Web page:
Denbies Hillside, Surrey

There's no section on farmland in this website, principally because until the new trend towards environmentally responsible agriculture based on Stewardship bears universal fruit there is scarcely sufficient variety of accessible and habitat-specific wildlife to justify spending hour after hour attempting to find then photograph flora and fauna.

Some farmers, such as Chris Knights in East Anglia, have proved that you can be an efficient and bulk producer of food while still being wildlife friendly, but until he becomes one of the rule rather than the exception almost any other habitat,Linnet (Carduelis cannabina) including suburban gardens, will do better than much farmland for nature watching.

The consensus is that the wide-ranging actions involving the removal of semi-natural open land which started with the so-called agricultural revolution of the 18th and 19th centuries have been one of the biggest causes of the progressive impoverishment of our native flora and fauna. Combined with population increase, of course.

The devastating effects in this area of intensive agriculture over the last 60 years, mostly in the absurd cause of overproduction assisted by the disgracefully ill-focussed subsidy system of the Common Agricultural Policy, are well documented. Prodigious use of pesticides and fertilisers, the virtual disappearance of sowing of arable crops in the spring, and the methodical removal of thousands of hedges, have had a cumulative and deep impact.

There are no figures for the loss of invertebrates but they must have been exceptional, with inevitable consequences for species feeding on them. The combined results of this era of short-sightedness included a 43 per cent decline in breeding farmland birds from 1970 to 2003, with Corn Bunting (Miliaria calandra), Grey Partridge (Perdix perdix), Lapwing (Vanellus vanellus), Linnet (Carduelis cannabina) pictured here, Skylark (Alauda arvensis) and YellowhammerThe Chalkhill Blue (Polyommatus coridon) is a Species of Conservation Concern (Emeriza citrinella) suffering terrible collapses. This compares with an 11 per cent decline in woodland birds, and a 37 per cent increase on the coast.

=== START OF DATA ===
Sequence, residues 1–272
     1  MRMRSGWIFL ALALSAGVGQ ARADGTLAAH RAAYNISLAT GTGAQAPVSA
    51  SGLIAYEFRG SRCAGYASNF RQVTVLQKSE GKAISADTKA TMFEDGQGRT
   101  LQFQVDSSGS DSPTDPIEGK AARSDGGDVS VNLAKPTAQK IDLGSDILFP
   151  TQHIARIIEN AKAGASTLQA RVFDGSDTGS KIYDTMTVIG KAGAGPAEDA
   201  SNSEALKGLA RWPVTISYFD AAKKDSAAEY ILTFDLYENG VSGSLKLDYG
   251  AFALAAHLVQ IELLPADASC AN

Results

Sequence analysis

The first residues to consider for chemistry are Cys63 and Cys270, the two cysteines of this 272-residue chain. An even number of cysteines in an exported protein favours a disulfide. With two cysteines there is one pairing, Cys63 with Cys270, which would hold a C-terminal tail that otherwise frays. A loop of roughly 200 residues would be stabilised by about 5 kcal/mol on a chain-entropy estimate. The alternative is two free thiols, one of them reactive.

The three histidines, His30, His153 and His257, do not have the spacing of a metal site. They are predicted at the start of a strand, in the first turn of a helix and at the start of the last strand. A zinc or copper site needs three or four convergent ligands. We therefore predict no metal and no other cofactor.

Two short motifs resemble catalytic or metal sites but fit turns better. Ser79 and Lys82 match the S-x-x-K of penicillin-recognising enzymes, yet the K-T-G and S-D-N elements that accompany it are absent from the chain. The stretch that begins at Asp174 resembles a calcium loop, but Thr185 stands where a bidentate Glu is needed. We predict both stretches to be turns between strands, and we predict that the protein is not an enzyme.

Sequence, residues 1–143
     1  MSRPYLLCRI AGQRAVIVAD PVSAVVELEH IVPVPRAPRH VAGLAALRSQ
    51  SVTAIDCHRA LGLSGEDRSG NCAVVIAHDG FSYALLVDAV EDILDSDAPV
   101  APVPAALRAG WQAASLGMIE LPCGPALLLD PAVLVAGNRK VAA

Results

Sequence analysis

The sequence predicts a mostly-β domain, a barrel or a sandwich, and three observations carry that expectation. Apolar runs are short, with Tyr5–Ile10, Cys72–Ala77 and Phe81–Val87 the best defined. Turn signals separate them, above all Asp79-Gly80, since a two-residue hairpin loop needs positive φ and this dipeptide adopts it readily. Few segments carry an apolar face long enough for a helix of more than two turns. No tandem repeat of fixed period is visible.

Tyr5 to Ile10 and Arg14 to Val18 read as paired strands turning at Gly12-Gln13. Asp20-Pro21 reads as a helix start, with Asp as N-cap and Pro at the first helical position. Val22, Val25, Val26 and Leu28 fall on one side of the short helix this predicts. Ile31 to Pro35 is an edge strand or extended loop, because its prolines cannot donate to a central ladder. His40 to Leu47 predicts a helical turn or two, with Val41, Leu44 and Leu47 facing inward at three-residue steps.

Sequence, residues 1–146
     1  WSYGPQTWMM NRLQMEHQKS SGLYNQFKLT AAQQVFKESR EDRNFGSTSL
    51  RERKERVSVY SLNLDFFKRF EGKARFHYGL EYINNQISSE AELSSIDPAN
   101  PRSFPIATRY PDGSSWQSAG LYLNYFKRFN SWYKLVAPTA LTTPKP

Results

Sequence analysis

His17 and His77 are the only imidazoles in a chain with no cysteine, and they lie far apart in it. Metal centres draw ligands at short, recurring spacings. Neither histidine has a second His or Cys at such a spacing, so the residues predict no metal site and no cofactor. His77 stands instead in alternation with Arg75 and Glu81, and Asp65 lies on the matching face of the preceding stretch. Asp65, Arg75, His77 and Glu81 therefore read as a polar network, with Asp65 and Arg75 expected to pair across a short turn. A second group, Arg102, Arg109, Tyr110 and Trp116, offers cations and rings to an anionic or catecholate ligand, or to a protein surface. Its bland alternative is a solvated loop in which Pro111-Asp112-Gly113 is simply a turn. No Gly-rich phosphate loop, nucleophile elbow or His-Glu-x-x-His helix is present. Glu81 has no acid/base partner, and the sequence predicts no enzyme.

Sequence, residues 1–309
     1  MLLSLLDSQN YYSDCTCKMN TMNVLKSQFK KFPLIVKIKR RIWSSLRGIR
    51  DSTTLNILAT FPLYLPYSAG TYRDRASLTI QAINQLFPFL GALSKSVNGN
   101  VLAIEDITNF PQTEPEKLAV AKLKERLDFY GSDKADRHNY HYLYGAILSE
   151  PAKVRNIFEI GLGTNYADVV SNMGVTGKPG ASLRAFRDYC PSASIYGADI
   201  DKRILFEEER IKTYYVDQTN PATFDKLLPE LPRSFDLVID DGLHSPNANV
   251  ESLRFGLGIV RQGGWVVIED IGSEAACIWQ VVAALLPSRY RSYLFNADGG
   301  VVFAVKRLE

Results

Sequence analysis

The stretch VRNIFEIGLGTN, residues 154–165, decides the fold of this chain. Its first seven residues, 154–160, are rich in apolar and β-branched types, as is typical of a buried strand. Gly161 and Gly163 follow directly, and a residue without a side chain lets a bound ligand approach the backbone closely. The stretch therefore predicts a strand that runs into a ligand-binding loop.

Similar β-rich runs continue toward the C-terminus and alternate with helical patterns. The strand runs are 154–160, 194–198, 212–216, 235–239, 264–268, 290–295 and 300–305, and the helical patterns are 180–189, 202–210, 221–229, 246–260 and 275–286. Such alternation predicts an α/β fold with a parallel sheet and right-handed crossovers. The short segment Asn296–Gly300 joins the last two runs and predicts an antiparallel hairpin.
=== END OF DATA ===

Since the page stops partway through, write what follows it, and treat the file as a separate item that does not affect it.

Downland, which as unimproved chalk grassland offers one of Britain's richest habitats, has been one of the worst victims to the extent that now only 43,500 hectares, or 3.3 per cent of the chalk outcrop, remain. In Hampshire, which should be one of the finest chalk grassland counties in the country, only just over two per cent of the outcrop is left and it is distinctly fragmented.

Generally, chalk grassland now tends to be confined to steep slopes difficult to work with machinery, or to land owned by the Ministry of Defence, local authorities, and conservation charities such as the National Trust, Wildlife Trusts and Butterfly Conservation. (The Army is invariably good news for flora and fauna since they take their responsibilities as custodians seriously.)

The free-draining soil and heat from the sun on south-facing slopes makes downland a harsh environment for flora, but the characteristic YewTypical Yew (Taxus baccata) woodland on the North Downs (Taxus baccata) woodlands, as at Kingley Vale National Nature Reserve in Sussex, are magnificent, containing as they do some of the oldest living entities in Britain. Displays of wild flowers through the spring and summer on downland are a match for any in the country, while there is no better habitat for orchids - as a group, one of the natural world's jewels. Rare butterflies and moths along with declining birds find a niche, and there are myriad Orthoptera (grasshoppers and crickets), some of them species which are expanding across the UK.

A well-managed chalk grassland in June is one of the finest sights for a nature lover but bringing back those which have been destroyed is one of the toughest conservation tasks we face, even tougher than bringing back wetlands or heathland, for instance. Easier, though, than bringing back destroyed ancient woodland, since that will take roughly 400 years.

Any inquiries - please e-mail me at Nature Conservation Imaging.

Images © Jeremy Early. All rights reserved.

In 2013 I published My Side of the Fence - the Natural History of a Surrey Garden. Details may be found, and orders placed, via this hyperlink My Side of the Fence. In November 2015 Surrey Wildlife Trust published the atlas Soldierflies, their allies and Conopidae of Surrey, jointly written by David Baldock and me. Details are on this web page: Atlas.